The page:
There is a small domestic fallout shelter in the rear garden of Prebbles Hill Cottage, New Road, Pluckley (Kent). The shelter was built in June 1962 by Fall Out Shelters (Deal, Kent) Ltd. at a cost of £920. It is described as their BX model and is intended for 12 adults.
According to the company’s brochure:
‘These shelters are designed to withstand great stress and are virtually indestructible. They will protect their occupants against all known nuclear hazards. They are both blast proof and fall-out shelters. Fall Out Shelters (Deal, Kent) Ltd. build every type of nuclear shelter to suit most areas and conditions. They are constructed only of the best materials and are tested at every stage of manufacture. Family shelters are designed for three, four, eight and twelve persons. We also design special shelters to house more than 12 persons, for factories or offices etc.
Shelters are also designed for storing art treasures and valuables and in some cases we can modify a cellar to suit certain shelter requirements in fringe or rural areas. There are three types of shelter in production to suit any area in Great Britain, the types A & B both accommodate four persons.
Their basic design is such that we can add other prefabricated sections to the unit so that it will accommodate eight or twelve persons (Hence the BX at Pluckley), with additional entrance and ventilator, fresh water tank system, goods store and toilet. The length of time spent in a shelter in the event of a nuclear explosion would be dependent upon the density of the radio-active fall-out. The minimum time would be 48 hours, with a maximum of six or seven days. It is obvious then that the shelter would be your home, with all your necessities and supplies to hand. Remember it could be some time before services were resumed again, and your shelter can hold supplies of food and water etc., for 30 days.
All shelters manufactured by Fall-Out Shelters (Deal, Kent) Ltd. (unless they receive a direct hit) are 100% safe in a war of conventional weapons. The shelters are blast-proof, fire-proof and damp proof. They are prefabricated, precast vibrated concrete units, reinforced with steel and due to their unique design, will withstand great stress. The three types of shelter in production are: ‘A’ type shelter - Designed for industrial areas, cities, docks etc., where the possibility of a nuclear attack would be most probable.
We consider this shelter will be 95% safe from nuclear hazard. if in the area 5 miles from ground zero of a 10- 15 megaton bomb, and 95% safe if one mile from a 20 kiloton bomb. ‘B’ type shelter - This is essentially a fringe shelter by our standards, although it is heavier and able to withstand greater stresses than most front line continental shelters. It is considered 95% safe against nuclear hazards at 6.5 - 7 miles from ground zero of a 10- 15 megaton bomb and 95% safe 2 miles from ground zero of a 20 kiloton bomb. ‘C’ type shelter - We endeavour at all times to keep the cost of these shelters down to a minimum and the ‘C’ type shelters have been designed especially for the man, his wife and one child.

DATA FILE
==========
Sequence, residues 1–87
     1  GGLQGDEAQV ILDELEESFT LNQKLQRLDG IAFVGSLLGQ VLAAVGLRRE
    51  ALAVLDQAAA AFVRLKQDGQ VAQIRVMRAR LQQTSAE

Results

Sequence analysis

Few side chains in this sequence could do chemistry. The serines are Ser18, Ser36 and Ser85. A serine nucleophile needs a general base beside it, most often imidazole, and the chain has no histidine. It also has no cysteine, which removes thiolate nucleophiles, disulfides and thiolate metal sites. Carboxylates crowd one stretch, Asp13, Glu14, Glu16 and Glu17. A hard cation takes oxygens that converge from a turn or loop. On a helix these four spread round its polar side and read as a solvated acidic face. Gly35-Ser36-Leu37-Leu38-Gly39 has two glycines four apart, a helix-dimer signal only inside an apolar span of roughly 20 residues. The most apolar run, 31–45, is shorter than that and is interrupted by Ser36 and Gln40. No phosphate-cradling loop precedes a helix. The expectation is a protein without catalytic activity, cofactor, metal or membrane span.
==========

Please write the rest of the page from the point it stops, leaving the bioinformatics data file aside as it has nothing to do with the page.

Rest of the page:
It is the cheapest fall-out shelter in the world and although it was designed with rural areas in mind, it can be strengthened to a fringe area shelter. We consider it 95% safe 2.5 miles from ground zero of a 20 kiloton bonb. It incorporates the same ventilating unit as ‘A’ and ‘B’ type shelters.’ ‘A good family shelter will cost no more than a good second hand car. There are no running costs to consider and of course no depreciation. It does not date, the are no survey fees to pay and the foundation and erection are included in the cost.’
At the surface at Pluckley there are two hinged convex steel hatches and two ‘mushroom’ shaped air vents. The roof of the shelter is 1 metre below ground level and the shelter is accessed by a removable steel ladder. The shelter takes the form of a buried concrete cylinder 6.62 metres long and 1.7 metres wide. A flat concrete floor divides the cylinder into two unequal parts giving a floor to ceiling height of 1.8 metres. There is an access hatch at one end which canot be opened but it would apear to lead to toilets and a battery compartment beneath the floor. The manufacturers artists impression of a fully furnished type ‘BX’ shelter, which this one never was, shows four double beds, cupboards and storage areas. It makes the shelter look quite spaceous which it certainly isn’t.
The toilets on the lower level must have been very cramped as they are shown as less than half the height of the main ‘living’ area. The two rotary controls for the vents protrude down from the roof necesitating a duck to avoid serious head injury not that the beds would have left much room to walk around. Apart from some rust on the rotary vent controls and the rotary control to the lower level hatch, the shelter is still in good condition. The owner, Ken Rawlings, has used it as a wine celler in the past but he found it was too damp so it is now unused. He has considered removing the soil cover and the roof to create an ornamental pond but has now been persuaded him to drop this idea.
It is interesting to note that the shelter was constructed 1 year after the nearby underground ROC post, MAIDSTONE 30 (see ROC Post: Pluckley), now also owned by Ken Rawlings, was opened. No doubt the then owner of the cottage had a conversation with his ROC neighbours about the dangers of nuclear fall-out in the event of an attack.